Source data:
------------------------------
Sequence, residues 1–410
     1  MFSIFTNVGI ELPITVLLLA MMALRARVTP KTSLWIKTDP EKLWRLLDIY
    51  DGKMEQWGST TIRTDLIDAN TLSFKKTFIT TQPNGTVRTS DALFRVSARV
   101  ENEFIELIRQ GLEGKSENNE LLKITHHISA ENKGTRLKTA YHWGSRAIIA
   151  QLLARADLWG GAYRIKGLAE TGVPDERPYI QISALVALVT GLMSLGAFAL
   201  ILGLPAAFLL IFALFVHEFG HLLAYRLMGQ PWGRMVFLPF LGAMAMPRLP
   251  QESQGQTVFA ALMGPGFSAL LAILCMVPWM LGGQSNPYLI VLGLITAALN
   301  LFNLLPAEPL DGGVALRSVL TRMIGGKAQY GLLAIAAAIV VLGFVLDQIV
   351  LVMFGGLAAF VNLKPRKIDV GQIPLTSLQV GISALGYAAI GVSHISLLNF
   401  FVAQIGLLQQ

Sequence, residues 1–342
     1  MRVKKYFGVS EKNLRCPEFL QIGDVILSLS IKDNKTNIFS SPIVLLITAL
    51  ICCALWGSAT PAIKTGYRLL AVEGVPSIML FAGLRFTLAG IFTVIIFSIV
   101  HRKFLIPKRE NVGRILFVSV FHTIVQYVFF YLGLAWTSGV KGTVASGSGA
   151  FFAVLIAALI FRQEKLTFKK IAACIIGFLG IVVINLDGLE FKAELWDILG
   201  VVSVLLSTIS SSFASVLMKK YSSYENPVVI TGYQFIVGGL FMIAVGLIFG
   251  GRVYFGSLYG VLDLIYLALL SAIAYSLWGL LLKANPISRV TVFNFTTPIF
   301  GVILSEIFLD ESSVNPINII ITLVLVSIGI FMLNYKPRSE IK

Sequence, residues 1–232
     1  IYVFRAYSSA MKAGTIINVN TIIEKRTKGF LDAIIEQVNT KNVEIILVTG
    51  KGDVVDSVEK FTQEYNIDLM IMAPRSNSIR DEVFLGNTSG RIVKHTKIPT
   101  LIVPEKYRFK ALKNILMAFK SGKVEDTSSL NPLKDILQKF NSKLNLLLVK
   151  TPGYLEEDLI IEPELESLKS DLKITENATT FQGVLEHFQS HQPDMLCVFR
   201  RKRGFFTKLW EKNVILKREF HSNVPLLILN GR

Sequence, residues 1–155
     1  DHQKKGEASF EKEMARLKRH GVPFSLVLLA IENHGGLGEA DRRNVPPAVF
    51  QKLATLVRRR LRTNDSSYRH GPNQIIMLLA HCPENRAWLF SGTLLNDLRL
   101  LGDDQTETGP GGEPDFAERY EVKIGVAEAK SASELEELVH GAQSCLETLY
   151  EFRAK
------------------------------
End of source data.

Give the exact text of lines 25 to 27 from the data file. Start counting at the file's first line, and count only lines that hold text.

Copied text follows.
Sequence, residues 1–155
     1  DHQKKGEASF EKEMARLKRH GVPFSLVLLA IENHGGLGEA DRRNVPPAVF
    51  QKLATLVRRR LRTNDSSYRH GPNQIIMLLA HCPENRAWLF SGTLLNDLRL